After $1.7 billion worth of work on a patchwork of levees, pumps, flood walls, canals and floodgates, New Orleans as a whole remains alarmingly vulnerable to another Katrina-like catastrophe, according to scientists and engineers who have studied the improvements and residents, politicians and watchdogs who have spoken to ABC News.
"Is it safe?" asked Roy Dokka, professor of civil engineering at Louisiana State University. "It's safer, not safe. It's better than what we had before Katrina, but is isn't bulletproof."
Two years after Hurricane Katrina, New Orleans' flood protection system remains a tangled paradox of hope and dread, strong and weak spots, reality and fantasy. Billions are flowing into the city's infrastructure coffers, and relentless scrutiny and testing has taught the U.S. Army Corps of Engineers some valuable lessons, but no one knows whether the massive and ongoing rebuilding efforts will outrun the next major storm.
Meanwhile, the city is slowly sinking while the sea is rising, and the state's wetlands barriers are disappearing faster than Louisiana could hope to rebuild them, experts say.
"Pre-Katrina, we weren't safe at all," said Oliver Houck, an environmental law professor at Tulane Law School. "We just thought we were. Are we safer than that [now]? Clearly. … But better than poor ain't great. And we are years away from being even good, much less great."
There seems to be a consensus that this is not where anyone wanted to see New Orleans two years after Hurricane Katrina.
Considerable criticism has fallen on the U.S. Army Corps of Engineers, which has been largely responsible for flood protection in New Orleans since the 1960s.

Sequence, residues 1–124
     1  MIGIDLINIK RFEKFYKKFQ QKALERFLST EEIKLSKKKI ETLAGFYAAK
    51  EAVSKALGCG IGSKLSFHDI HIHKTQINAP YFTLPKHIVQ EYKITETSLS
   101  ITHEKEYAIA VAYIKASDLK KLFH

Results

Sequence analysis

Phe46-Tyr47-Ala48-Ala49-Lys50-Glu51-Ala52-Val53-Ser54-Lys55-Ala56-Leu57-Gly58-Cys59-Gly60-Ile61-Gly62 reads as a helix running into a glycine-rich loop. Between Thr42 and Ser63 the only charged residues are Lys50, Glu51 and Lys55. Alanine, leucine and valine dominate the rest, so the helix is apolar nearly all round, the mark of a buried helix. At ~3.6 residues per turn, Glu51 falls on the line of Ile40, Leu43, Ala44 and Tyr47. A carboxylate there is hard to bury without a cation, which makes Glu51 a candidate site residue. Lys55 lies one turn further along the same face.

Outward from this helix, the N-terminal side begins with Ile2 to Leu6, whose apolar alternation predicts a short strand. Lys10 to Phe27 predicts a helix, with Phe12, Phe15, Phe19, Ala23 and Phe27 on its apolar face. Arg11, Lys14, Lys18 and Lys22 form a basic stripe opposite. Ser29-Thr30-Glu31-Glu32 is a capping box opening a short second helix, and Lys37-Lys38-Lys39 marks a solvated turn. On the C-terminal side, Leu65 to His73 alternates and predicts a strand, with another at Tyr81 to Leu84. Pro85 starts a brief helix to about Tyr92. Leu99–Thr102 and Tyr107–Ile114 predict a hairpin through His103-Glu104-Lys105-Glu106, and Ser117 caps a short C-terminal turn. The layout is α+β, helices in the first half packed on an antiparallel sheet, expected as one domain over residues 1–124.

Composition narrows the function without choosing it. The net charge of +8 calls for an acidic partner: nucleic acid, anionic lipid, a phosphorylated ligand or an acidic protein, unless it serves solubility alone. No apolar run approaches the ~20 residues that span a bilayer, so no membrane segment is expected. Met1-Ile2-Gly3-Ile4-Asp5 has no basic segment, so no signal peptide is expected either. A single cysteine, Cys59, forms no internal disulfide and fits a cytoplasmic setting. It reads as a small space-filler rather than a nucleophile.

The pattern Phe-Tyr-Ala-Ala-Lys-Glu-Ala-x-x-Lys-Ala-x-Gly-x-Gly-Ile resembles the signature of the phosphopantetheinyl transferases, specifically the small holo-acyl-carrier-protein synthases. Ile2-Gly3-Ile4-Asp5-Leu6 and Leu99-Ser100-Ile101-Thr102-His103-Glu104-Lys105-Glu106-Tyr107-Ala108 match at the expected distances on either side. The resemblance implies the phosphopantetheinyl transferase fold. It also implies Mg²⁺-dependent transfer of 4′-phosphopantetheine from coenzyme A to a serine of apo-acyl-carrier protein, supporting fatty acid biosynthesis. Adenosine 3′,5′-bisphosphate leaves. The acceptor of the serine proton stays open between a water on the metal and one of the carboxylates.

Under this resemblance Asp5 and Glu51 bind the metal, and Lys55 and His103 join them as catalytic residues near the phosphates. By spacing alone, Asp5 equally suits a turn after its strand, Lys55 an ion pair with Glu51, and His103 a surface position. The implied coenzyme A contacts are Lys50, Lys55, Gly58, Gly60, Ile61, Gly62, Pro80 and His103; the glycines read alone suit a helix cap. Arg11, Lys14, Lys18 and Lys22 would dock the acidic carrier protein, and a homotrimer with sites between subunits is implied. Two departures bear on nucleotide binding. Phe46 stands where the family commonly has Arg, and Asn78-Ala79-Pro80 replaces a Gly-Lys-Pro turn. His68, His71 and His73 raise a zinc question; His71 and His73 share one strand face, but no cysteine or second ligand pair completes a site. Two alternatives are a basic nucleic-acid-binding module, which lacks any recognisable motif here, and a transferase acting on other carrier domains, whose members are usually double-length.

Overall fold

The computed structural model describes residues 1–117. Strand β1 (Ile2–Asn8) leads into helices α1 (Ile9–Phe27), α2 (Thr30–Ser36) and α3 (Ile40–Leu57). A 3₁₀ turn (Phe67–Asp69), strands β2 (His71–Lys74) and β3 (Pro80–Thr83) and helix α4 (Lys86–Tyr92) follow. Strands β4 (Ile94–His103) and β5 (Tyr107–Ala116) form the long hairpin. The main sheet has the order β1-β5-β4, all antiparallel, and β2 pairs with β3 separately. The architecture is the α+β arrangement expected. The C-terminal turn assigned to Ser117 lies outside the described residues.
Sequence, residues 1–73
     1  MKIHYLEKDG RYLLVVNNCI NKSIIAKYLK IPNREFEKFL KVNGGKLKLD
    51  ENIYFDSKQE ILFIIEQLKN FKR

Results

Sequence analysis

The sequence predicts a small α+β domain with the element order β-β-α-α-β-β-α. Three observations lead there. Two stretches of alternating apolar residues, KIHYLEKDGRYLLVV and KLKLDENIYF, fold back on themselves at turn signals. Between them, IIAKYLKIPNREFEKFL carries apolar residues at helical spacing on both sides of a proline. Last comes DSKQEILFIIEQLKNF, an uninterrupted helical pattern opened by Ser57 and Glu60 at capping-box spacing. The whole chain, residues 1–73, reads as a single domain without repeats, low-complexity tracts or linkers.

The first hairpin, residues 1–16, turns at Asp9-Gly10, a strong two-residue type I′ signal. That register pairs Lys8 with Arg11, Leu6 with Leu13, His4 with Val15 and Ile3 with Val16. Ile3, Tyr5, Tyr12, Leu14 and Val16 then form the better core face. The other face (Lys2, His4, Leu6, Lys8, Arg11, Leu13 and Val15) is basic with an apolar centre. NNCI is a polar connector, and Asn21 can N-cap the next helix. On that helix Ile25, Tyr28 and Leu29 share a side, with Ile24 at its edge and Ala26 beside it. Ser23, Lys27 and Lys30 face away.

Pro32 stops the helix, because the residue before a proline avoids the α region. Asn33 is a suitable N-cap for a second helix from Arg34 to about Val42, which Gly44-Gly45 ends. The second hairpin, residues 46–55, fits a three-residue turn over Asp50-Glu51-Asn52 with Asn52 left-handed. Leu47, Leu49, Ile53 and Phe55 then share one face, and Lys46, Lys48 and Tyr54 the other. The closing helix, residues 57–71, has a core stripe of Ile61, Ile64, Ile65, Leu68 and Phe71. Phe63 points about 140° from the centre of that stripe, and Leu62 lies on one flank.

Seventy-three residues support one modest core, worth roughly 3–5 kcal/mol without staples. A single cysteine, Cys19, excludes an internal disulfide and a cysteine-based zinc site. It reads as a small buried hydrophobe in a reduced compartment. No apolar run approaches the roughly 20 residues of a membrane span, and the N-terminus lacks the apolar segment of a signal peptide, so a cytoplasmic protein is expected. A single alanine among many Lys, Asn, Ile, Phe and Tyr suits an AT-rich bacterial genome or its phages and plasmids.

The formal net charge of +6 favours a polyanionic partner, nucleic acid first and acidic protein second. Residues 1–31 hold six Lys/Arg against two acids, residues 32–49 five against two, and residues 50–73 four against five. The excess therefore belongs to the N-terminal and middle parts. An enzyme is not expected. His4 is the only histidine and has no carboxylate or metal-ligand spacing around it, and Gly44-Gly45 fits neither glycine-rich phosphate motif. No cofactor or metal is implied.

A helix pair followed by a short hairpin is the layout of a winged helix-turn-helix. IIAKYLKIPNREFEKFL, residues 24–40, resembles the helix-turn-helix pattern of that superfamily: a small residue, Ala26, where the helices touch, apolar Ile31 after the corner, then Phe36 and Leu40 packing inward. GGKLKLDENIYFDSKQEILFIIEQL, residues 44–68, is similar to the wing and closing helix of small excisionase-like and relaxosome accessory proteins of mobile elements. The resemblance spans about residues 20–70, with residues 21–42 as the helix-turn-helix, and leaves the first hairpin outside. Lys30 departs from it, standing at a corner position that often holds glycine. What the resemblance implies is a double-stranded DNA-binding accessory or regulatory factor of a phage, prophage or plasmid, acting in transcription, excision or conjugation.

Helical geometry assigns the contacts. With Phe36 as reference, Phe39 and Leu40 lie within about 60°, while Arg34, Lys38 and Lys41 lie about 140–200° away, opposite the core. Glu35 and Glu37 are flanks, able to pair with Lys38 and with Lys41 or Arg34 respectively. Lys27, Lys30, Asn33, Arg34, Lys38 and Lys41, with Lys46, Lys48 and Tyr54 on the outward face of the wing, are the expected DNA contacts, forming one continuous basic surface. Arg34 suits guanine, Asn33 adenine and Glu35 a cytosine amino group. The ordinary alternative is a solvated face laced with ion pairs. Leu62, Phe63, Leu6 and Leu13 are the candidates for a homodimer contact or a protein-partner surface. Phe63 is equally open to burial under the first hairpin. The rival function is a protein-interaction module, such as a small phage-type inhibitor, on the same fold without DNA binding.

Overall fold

The corps contends that it has made dramatic improvements to the system and there's evidence it has … in some places. The spot where the storm water surge broke through the Industrial Canal and flooded New Orleans' Lower Ninth Ward is one of the strongest, highest walls in the system now, though there is barely anyone left there to protect.
Others areas are said to be untested or weak. The corps is working with a $15 billion budget to come up with a flood protection plan that would shield the city from a 100-year storm by the fall of 2011. That's far less than half the strength of Katrina.
Supporters of the agency contend that it's doing the best it can under enormous political and logistical pressure. They say the corps' work force splits its time and resources between short-term fixes to deal with immediate threats like the impending hurricane season and creating a long-term solution — all the while crossing its fingers that the city isn't swamped with another major hurricane before it can complete its massive workload. Corps officials says they are hard at work at both assignments.
But critics in the local environmental science and coastal engineering communities say that the corps' entire mode of thinking — largely in terms of structure building — is outdated and fatally flawed.